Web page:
Business schools around the world are increasingly on the hot seat when it comes to calls to decolonize. A prominent business school in the United Kingdom, for example, recently changed its name to avoid being associated with the slave trader it was originally named after. What about here in Canada?

In today’s The Conversation Canada, Dara Kelly, associate professor in Indigenous Business at Simon Fraser University and her co-author, Jordyn Hrenyk, call for business schools to re-evaluate the symbols they’re promoting as students at Canadian business schools call out racism on social media channels.

“Who are we elevating? Which ideologies? Specifically, we ask that business schools do the work to not just Indigenize (add to), but decolonize (unlearn). That means having a serious look at the legacies we uphold.”

Also in today’s edition: 

All the best.

Lee-Anne Goodman

Politics, Business + Economics Editor

As statues topple, business schools must begin seriously decolonizing. (Piqsels)

A call to decolonize business schools, including our own

Dara Kelly, Simon Fraser University; Jordyn Hrenyk, Simon Fraser University

Contemplating the future of the business school means we must decide what kind of society we want our students to create and what reforms are needed to enable them to do so.

In this April 2020 photo, protesters carry rifles near the steps of the Michigan State Capitol building in Lansing, Mich. A plot to kidnap Michigan’s governor has put a focus on the security of governors in the United States. (AP Photo/Paul Sancya)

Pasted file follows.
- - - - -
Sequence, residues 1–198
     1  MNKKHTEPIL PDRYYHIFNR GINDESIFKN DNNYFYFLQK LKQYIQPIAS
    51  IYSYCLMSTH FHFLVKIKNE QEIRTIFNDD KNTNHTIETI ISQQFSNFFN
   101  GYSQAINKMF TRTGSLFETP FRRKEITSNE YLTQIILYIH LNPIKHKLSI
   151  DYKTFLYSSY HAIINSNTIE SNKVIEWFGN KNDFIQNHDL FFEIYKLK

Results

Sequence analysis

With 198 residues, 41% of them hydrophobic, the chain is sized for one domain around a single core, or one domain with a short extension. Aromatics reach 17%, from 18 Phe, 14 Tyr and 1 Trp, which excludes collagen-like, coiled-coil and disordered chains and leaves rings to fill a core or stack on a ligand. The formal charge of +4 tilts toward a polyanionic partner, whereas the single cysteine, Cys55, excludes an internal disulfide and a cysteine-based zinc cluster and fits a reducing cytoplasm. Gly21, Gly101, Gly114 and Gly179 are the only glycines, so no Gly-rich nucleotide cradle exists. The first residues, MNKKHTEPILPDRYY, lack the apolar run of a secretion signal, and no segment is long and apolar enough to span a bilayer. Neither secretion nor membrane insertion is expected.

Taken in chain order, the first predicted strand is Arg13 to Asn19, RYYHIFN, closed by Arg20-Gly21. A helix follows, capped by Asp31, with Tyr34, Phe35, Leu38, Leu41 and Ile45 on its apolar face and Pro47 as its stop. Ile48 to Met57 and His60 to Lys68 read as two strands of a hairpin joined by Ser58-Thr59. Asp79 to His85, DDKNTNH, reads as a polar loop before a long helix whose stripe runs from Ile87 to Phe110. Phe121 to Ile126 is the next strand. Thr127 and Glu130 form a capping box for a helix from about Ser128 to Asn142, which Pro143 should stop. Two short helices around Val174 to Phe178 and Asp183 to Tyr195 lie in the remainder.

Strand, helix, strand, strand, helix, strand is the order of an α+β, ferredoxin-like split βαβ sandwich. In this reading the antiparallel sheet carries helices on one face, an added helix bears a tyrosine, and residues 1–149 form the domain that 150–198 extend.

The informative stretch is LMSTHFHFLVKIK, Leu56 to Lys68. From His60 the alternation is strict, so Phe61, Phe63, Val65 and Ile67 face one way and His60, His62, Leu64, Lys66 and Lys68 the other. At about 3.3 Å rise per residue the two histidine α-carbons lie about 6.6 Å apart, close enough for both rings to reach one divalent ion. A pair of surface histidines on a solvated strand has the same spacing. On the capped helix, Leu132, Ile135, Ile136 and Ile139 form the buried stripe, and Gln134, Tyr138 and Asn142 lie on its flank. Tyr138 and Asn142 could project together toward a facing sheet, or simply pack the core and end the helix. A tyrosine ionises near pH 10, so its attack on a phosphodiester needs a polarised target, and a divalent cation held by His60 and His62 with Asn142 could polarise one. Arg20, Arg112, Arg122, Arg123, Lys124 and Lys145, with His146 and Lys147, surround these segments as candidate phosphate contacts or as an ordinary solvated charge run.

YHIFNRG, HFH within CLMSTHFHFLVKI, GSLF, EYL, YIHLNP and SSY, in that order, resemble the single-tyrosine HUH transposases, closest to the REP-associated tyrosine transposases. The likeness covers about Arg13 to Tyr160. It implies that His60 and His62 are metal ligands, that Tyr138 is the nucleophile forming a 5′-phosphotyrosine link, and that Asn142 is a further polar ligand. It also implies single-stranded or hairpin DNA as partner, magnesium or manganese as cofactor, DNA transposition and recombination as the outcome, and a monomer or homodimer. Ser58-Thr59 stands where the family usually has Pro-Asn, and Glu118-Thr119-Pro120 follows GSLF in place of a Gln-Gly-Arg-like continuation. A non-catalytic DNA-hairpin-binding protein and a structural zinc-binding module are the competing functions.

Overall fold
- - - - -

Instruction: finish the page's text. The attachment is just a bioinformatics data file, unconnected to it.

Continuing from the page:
Right-wing extremism: The new wave of global terrorism

Sean Spence, University of Portsmouth

Is right-wing violent extremism the new fifth wave of modern terrorism? If so, there's no doubt the impacts of COVID-19 will only help accelerate the radicalization of its adherents.

Graphic narratives can be a great tool to teach media literacy. (Shutterstock)

Comics can teach readers how to identify fake news

Erin Steuter, Mount Allison University

Delivering media literacy in a comics format can help readers develop the skills to identify fake news and counter its effects.

New DNA analysis revealed that Calvin Hoover killed Christine Jessop in 1984. Toronto Police Chief James Ramer sits next to a screen displaying photos of Calvin Hoover during a news conference on Oct. 15, 2020. THE CANADIAN PRESS/Chris Young

Christine Jessop’s killer identified: Solved cold case raises questions about genetic privacy

Julia Creet, York University, Canada

Christine Jessop was murdered in 1984 and, 36 years later, DNA evidence finally identified her killer. But the police investigation's use of genetic genealogical databases raised questions about privacy.

Demonstrators hold a vigil marking the death of Joyce Echaquan, who recorded insults hurled at her by staff at the Joliette, QC, hospital while she was there for treatment. The Canadian Press/Paul Chiasson

Joyce Echaquan’s death: How a decolonizing approach could help tackle racism in health care

Marie-Claude Tremblay, Université Laval

Joyce’s Principle seeks to shift the way health services are provided to Indigenous communities and ensure they are free of discrimination.

La Conversation Canada


Comment l’école peut aider à contrer les idées complotistes chez les jeunes

Sivane Hirsch, Université du Québec à Trois-Rivières (UQTR); Audrey Groleau, Université du Québec à Trois-Rivières (UQTR)

Il est très difficile d’aborder les idées complotistes en classe et la confrontation n’est pas la solution. La stratégie recommandée est plutôt d’introduire un doute dans l’esprit des jeunes.

Vendredi 9 octobre, une centaine de garçons du Collège Nouvelles Frontières à Gatineau, au Québec, portaient des jupes à l’école pour protester contre le double standard du code vestimentaire sexiste de leur école. _zachpaulin_ / Instagram

Garçons en jupes, filles en décolletés : une nouvelle manifestation de désobéissance civile à l’école

Francis Dupuis-Déri, Université du Québec à Montréal (UQAM)

L’école est depuis longtemps un lieu de contestation. Les révoltes vestimentaires survenues cet automne au Québec et en France relèvent d’une longue tradition de désobéissance civile.

Culture + Society


Science + Technology